One solution to the essential problems of advanced search discoverability and complexity is to progressively disclose (3) the functionality to the user. Instead of a single, complicated page, break it into understandable units and give each to the user when they ask for it.
In this example, show the ways the user could filter the results (e.g., “Brand” or “Price”) in a highlighted banner above the search results.
Fig. 7: Filters highlighted in a banner (it doesn’t have to be green, it just has to stand out!)
When the user clicks a link, display the filter with enough space to clearly articulate how to use it. Don’t cram it in; the user asked for it. In contrast to the left-hand column filters in the examples above, which are naturally space-constrained, this method can hold many more types of filters and doesn’t show functionality they didn’t request.
Fig. 8: When the user clicks "price" above, give the module enough space to be readable.
Let’s look at an example scenario.
1. The user performs a text search normally.
Fig. 9: Searching for a DVD player using the simple search box
2. On the search results page, show options to filter the search in a prominent location above the results. Communicate the value of filtering. Order them by popularity, using size and font weight to highlight others. If there are many options, consider hiding rarely used options under an expandable section.
Fig. 10: A search results page, with options to filter.
3. When the user clicks an option, display a page module for that search parameter without reloading the page. The user should be able to change the parameters at any time to receive an updated search. If possible, show the number of results for each parameter, so the user can see how exclusive it is, and identify which parameter maybe giving them 0 results.
Fig. 11: The search results, filtered by price.
4. Enable the user to add several modules, stacked in chronological order as the user builds up a complicated query.
Fig. 12: The search results, filtered by price and rating.
Define an implicit method for Boolean rules (AND and OR rules) based on normal search patterns — do not ask users to compose Boolean queries. A system that has worked for me is this: If a user selects several different search parameters, perform an AND search between them (e.g., Sony AND Portable). If they choose multiple values for the same parameter, perform an OR search (e.g., Sony OR Panasonic). However, if parameters (such as product features) are clearly non-exclusive, perform an AND search (e.g., Portable AND “HD ready”).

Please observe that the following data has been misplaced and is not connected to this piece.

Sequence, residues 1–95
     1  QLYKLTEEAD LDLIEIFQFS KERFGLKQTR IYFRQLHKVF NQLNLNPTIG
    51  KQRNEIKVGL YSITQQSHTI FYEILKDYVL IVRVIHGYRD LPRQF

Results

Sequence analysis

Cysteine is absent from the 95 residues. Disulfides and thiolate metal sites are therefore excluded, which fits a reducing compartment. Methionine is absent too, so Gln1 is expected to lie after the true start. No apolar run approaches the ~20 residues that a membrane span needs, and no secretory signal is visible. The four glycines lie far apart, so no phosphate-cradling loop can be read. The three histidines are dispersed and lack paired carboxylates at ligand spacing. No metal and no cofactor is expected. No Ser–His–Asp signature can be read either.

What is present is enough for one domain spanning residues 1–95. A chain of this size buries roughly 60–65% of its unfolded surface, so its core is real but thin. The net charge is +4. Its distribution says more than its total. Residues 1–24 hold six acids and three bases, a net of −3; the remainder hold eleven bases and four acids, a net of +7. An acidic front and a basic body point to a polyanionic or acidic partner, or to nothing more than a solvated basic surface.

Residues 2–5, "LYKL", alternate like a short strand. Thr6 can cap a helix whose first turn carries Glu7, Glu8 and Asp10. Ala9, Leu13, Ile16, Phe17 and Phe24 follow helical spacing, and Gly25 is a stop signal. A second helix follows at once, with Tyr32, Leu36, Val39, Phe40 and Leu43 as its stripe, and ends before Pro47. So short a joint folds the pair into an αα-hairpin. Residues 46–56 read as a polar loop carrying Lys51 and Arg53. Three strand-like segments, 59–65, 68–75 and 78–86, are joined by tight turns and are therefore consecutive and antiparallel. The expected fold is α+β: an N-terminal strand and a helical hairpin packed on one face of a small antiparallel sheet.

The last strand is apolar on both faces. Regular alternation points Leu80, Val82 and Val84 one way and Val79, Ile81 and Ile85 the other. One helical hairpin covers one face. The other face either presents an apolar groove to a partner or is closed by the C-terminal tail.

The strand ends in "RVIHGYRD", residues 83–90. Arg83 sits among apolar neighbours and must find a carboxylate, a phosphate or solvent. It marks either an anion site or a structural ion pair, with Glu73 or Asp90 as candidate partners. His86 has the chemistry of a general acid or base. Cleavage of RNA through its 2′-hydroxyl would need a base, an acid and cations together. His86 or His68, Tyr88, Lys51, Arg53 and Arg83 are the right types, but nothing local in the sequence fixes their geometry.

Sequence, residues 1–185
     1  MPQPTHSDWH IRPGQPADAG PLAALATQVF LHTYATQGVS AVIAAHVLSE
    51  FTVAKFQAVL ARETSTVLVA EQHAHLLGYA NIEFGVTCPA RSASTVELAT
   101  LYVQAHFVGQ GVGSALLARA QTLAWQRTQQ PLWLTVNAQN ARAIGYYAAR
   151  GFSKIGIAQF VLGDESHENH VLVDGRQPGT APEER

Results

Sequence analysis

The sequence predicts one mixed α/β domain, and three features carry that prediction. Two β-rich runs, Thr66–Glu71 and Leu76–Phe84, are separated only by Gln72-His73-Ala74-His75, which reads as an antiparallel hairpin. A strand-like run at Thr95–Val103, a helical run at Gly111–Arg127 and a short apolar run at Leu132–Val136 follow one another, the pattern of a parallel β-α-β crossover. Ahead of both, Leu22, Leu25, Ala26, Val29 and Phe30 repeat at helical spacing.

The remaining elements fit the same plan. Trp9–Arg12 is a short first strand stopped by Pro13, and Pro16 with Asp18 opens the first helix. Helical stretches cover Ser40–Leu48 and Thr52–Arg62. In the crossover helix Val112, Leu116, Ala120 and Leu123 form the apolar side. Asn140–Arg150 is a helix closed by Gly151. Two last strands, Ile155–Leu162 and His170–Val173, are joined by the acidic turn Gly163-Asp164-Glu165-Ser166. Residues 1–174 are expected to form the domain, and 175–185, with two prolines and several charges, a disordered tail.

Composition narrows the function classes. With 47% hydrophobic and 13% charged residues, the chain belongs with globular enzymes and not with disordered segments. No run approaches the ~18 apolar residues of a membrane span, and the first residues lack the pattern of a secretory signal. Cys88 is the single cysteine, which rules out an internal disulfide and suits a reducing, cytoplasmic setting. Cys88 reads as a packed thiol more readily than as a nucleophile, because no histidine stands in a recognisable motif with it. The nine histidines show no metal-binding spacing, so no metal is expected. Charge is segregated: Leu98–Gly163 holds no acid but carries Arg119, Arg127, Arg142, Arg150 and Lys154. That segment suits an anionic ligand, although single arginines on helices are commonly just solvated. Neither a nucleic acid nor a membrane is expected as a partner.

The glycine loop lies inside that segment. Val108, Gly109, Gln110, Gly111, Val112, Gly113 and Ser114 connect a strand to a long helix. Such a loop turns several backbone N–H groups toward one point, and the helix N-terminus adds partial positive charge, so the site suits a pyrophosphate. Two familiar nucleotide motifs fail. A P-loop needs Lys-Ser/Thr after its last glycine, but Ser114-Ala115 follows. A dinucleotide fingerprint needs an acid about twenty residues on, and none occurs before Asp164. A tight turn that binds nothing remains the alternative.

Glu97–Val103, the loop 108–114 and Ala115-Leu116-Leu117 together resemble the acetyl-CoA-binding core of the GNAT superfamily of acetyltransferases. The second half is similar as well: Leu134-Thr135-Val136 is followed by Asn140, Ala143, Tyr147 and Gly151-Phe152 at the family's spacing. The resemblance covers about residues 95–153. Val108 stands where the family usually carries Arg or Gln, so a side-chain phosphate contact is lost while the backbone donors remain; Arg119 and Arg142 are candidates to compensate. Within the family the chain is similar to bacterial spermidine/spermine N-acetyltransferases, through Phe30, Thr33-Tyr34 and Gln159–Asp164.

Recognize that quick searches, text searches, and advanced searches may be built with different technologies (e.g., direct database searches, a Google box, or a content management system). You may need to work closely with the developers to make a seamless transition between technologies.
If there are many parameters (more than 15), consider reducing complexity by hiding less used ones under a “see more…” link below the displayed options. Clicking it should display all the options without a page refresh. Evaluate your search logs to make sure you are exposing the right ones. Consider rotating the exposed ones to discover potential popular features, as exposed options will naturally get more usage.
At its core, advanced search is an under-utilized tool hampered by its own design. By enabling the user to add specificity as they request it, designs such as the one above avoid the lonely fate of the standard advanced search page. Defusing this complexity and locating it where users will naturally find it will help advanced search be truly advanced.
(1) Nielsen, J. (1997). Search and You May Find. Alertbox, July 15, 1997.
(2) Bray, T. (2003). On Search: The Users.
(3) Wikipedia. Progressive Disclosure
Good quick read. At our shop (Hoover’s Online) we too have recently changed our mentality around the Advanced Search concept. Instead of having a separate Advanced Search tool, we have incorporated a filtering system in our simple search results.
We’ve actually taken a hybrid approach to our filters – we surface the top five filter options for each category and have a “more options” link so users can see the additional filtering criteria for each category. We have received good feedback from our users on this new approach and have actually witnessed users using the filters with ease during usability tests.
Currently this new filtered search is available only to our subscribers, but based on the good response we will be rolling it out to our free site users in the near future.
I agree with Edward. We’ve created a false distinction between advanced and basic search.
Filtering on results pages puts advance search tools in the hands of basic search users. With user literacy with rich interfaces improving everyday, there’s no reason we can’t take advantage of search results interfaces that progressively provide more advanced filtering for intermediate and advanced users.